International organizations are at the heart of many global issues today. This 2010 textbook looks at the leading international organizations and explains how they both shape and are shaped by international politics. The book examines three themes: the legal obligations that give international organizations their powers; the mechanisms that elicit compliance by their member states; and the practices of enforcement in the organizations. Each chapter shows how international organizations work in practice and the interactions between them and their member states. This text provides a comprehensive understanding of what international organizations do, how and why they do it, and the challenges they face.
'Cogent, concise and intellectually incisive, this book will educate and motivate students, scholars and diplomats alike.' Michael Byers, Canada Research Chair in Global Politics and International Law, University of British Columbia
'A much-needed addition to the field of international organizations. Ian Hurd explores the key theoretical and practical issues concerning international organizations in a well-written, engaging, and comprehensive manner.' Jon Pevehouse, University of Wisconsin
'This terrific introduction by one of the leading younger scholars of international organizations is core reading for any course on international institutions: it is accessible, comprehensive in its coverage of the key international organizations, and compellingly structured according to states' obligations arising from an IO treaty, states' compliance with these obligations in practice, and the IO's powers to enforce compliance.' Ulrich Sedelmeier, London School of Economics and Political Science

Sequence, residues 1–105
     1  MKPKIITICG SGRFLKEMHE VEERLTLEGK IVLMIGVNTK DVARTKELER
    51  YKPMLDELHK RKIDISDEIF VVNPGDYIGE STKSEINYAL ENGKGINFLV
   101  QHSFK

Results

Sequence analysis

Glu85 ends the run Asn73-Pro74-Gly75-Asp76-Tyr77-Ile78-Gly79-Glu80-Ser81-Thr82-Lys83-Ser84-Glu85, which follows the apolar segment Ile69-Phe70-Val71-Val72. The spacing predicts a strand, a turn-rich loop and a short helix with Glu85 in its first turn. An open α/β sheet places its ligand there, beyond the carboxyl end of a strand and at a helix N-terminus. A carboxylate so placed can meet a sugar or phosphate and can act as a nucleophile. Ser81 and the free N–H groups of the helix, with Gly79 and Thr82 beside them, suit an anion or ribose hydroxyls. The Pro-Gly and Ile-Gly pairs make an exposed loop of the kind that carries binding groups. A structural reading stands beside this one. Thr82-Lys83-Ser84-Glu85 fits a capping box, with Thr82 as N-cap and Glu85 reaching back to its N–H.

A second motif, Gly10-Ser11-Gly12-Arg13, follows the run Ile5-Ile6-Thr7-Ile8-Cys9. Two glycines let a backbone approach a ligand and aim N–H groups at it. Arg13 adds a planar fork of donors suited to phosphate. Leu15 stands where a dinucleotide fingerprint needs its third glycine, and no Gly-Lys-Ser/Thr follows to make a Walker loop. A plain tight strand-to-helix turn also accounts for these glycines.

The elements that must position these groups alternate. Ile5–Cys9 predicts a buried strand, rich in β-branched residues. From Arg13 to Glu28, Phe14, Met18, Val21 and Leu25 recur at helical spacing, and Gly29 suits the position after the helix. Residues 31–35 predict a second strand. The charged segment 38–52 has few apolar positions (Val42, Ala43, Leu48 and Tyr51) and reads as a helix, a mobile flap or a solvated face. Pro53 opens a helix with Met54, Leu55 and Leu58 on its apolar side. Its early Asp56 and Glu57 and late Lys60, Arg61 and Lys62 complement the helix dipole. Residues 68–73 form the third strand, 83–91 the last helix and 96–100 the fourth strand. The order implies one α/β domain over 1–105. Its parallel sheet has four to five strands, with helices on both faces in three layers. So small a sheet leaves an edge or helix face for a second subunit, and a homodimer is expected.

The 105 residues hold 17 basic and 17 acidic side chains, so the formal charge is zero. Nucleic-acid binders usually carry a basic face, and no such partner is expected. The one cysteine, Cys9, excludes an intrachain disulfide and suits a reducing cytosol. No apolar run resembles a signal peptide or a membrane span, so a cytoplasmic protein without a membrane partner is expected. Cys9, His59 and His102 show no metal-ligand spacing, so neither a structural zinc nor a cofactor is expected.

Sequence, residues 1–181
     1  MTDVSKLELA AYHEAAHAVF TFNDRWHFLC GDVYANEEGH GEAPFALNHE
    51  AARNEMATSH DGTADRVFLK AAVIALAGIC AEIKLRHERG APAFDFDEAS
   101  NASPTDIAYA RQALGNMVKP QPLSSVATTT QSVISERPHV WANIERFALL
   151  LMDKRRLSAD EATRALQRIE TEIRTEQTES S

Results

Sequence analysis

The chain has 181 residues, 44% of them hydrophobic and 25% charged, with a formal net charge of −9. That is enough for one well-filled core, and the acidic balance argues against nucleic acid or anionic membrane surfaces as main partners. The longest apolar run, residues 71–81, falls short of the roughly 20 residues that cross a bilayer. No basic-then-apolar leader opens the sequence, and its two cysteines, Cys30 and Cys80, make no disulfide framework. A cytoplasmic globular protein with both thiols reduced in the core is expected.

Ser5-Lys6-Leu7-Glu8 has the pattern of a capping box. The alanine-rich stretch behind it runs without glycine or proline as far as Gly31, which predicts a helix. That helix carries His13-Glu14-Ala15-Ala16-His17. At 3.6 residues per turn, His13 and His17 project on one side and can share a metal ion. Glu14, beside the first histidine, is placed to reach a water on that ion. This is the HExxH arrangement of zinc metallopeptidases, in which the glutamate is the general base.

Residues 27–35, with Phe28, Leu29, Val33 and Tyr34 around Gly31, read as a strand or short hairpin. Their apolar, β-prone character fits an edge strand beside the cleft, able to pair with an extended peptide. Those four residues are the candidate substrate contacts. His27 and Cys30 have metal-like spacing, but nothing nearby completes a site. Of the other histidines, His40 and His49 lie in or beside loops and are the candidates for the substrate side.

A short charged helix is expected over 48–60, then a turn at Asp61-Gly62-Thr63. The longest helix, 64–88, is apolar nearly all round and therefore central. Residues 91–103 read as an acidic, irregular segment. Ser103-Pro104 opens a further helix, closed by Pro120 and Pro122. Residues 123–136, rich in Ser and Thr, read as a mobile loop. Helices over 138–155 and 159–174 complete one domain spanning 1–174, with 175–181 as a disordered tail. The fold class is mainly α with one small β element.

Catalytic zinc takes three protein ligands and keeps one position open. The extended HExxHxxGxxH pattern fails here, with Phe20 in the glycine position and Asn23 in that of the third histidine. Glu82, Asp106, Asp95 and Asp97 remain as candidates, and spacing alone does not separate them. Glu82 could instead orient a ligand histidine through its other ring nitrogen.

'… International Organizations is a very valuable contribution in the still developing field of international law and international relations. It is recommended reading for those seeking an introduction to or review of the way in which politics and law interact and define the relationship between IOs and states. Hurd offers a useful review of approaches to the study of international organizations and provides a valuable comparative approach to thinking about how states use law to empower IOs and how, in turn, those IOs seek to constrain and shape state behaviour.' Timothy Meyer, University of Georgia
Ian Hurd is Associate Professor of Political Science at Northwestern University. He is a leading scholar of international law and international relations and has won awards for his research and teaching, including the Chadwick Alger prize for After Anarchy: Legitimacy and Power in the UN Security Council and the Barry Farrell award at Northwestern University for teaching excellence. He is also the co-editor of The UN Security Council and the Politics of International Authority.